Lawyer says Rumsfeld "messed up" Guantanamo trials
Defense Secretary Donald Rumsfeld and his appointees set rules that violate President George W. Bush's order to hold fair trials for prisoners charged with terrorism in the Guantanamo tribunals, a military defense lawyer said on Friday.
"We can't help it that the secretary of defense and his delegees (sic) have messed this thing up, but they have," military lawyer Army Maj. Tom Fleener told the presiding officer at one of the hearings.
"If the rules don't provide for a full and fair trial, then they violate the president's order."
Fleener was trying to persuade the presiding officer, Col. Peter Brownback, to let a Yemeni defendant act as his own attorney on charges of conspiring to attack civilians and destroy property.
Tribunal rules set by the Pentagon require the defendants to have U.S. military lawyers who are authorized to see secret evidence that the accused may not be allowed to view. Pentagon officials have refused to allow self-representation, which Fleener called a fundamental right in nearly every court on Earth.
Fleener was appointed to defend Ali Hamza al Bahlul, an acknowledged al Qaeda member charged with conspiring to commit terrorism by acting as Osama bin Laden's bodyguard and making al Qaeda recruiting videos.
Bahlul refuses to cooperate with any lawyer appointed by the U.S. military. He asked to act as his own attorney or to have a Yemeni lawyer, and declared a boycott when the request was denied during an earlier hearing. He did not attend his hearing on Friday at the U.S. naval base in Guantanamo Bay, Cuba.
Fleener said Bahlul cannot get a fair trial unless the rules change. "As the world looks at this system, it's going to have no legitimacy whatsoever," he said.
Two other defendants have also asked to act as their own attorneys. The prosecution agrees they should have that right, said the chief prosecutor, Col. Moe Davis.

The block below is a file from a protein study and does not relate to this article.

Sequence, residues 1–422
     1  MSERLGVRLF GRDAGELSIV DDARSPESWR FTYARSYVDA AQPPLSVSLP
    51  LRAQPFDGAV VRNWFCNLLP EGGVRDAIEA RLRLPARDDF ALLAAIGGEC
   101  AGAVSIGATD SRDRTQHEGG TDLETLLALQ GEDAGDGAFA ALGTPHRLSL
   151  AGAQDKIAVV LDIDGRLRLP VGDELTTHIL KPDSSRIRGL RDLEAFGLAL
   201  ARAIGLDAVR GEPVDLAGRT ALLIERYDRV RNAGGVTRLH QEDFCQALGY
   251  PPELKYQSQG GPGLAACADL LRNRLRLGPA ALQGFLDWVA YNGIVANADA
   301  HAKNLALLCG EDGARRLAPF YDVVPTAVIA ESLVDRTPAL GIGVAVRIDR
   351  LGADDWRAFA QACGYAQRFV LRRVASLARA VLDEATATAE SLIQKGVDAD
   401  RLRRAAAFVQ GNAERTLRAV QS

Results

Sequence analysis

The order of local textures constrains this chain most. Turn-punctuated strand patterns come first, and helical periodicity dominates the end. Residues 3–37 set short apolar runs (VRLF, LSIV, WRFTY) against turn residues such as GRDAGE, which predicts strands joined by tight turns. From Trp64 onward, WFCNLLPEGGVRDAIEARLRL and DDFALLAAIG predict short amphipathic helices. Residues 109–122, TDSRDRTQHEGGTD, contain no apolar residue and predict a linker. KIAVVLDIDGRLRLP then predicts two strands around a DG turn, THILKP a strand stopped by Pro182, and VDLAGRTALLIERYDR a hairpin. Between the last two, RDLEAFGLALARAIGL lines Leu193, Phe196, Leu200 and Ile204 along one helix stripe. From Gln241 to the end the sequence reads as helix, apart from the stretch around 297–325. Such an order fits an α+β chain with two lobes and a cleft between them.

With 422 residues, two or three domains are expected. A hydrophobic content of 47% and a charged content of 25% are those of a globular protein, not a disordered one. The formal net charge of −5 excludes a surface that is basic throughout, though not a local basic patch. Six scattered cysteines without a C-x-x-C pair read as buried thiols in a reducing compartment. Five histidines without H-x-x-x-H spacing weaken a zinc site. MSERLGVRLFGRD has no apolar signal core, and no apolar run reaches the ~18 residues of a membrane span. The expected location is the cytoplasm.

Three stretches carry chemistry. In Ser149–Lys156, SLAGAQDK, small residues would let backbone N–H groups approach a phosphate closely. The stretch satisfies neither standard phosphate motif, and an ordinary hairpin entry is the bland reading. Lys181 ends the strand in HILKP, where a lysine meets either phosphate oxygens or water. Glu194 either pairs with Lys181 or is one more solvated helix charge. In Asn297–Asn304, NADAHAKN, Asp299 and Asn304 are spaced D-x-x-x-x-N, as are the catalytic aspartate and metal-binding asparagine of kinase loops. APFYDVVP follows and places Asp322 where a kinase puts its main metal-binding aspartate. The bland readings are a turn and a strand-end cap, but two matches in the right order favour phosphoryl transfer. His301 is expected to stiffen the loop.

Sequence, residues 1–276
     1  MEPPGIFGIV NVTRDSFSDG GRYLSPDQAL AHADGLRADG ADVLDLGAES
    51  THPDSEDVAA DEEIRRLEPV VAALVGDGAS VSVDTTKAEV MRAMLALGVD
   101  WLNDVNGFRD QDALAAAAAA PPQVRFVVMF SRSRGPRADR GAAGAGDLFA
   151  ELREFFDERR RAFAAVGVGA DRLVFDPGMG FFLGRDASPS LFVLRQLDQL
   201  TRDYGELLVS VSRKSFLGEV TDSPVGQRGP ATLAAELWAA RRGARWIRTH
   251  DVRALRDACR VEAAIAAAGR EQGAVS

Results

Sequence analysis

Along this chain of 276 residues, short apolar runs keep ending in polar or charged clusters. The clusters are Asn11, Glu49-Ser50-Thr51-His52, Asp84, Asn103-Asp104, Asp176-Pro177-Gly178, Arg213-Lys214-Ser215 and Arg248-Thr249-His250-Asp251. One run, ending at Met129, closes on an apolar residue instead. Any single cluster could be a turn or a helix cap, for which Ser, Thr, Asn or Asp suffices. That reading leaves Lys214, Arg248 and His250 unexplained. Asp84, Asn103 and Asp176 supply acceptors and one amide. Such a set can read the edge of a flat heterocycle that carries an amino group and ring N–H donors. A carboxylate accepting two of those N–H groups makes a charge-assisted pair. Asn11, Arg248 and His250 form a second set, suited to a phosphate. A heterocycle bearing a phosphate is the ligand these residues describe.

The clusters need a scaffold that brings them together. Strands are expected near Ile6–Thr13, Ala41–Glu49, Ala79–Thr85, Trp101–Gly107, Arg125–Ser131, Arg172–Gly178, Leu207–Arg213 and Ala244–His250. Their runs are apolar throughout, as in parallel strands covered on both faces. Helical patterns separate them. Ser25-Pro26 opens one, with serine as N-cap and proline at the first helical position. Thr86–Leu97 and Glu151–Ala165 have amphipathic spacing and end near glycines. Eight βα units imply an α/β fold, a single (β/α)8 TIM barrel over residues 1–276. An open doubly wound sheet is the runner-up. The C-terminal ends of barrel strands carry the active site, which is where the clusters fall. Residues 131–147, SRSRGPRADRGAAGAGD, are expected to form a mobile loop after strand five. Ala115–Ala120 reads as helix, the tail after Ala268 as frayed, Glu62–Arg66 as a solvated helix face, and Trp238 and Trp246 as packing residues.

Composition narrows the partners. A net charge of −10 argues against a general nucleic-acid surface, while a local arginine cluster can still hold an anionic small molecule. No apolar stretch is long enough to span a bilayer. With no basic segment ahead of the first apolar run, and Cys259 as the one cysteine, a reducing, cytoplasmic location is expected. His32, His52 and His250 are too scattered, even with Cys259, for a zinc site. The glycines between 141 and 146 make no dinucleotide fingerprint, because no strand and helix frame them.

"Give him the opportunity. If he screws it up, then he had his opportunity," Davis said of Bahlul.
Bush created the tribunals to try foreign terrorist suspects after the September 11 attacks, and directed Rumsfeld and his delegates to draft rules that ensure full and fair trials while protecting national security.
The chief prosecutor said those requirements had been met and described some of the angry courtroom complaints from defense attorneys as theatrical performances.
"The presiding officers have bent over backwards to protect the accused," Davis said.
Military defense lawyers and human rights groups have called the tribunals fundamentally unfair and stacked to ensure convictions. The U.S. Supreme Court heard a challenge to their legitimacy last month and is expected to rule by the end of June on whether the trials can proceed.
Defense lawyers say other Pentagon rules violate Bush's order, including one that gives only the presiding officer the right to act essentially as judge, rather than all the tribunal members sharing that role.
Ten of the 490 Guantanamo detainees have been charged by the tribunals and would face life in prison if convicted. Four had pretrial hearings this week, including 19-year-old Canadian Omar Khadr, who is accused of murdering a U.S. soldier by throwing a grenade at him in Afghanistan.
Khadr threatened on Wednesday to boycott the tribunal to protest his move from group housing to a solo cell where it was more difficult to meet with his lawyers.
His attorneys said on Friday they had received assurances from prison camp officials that the move was not punitive. They said Khadr agreed to participate in future proceedings.
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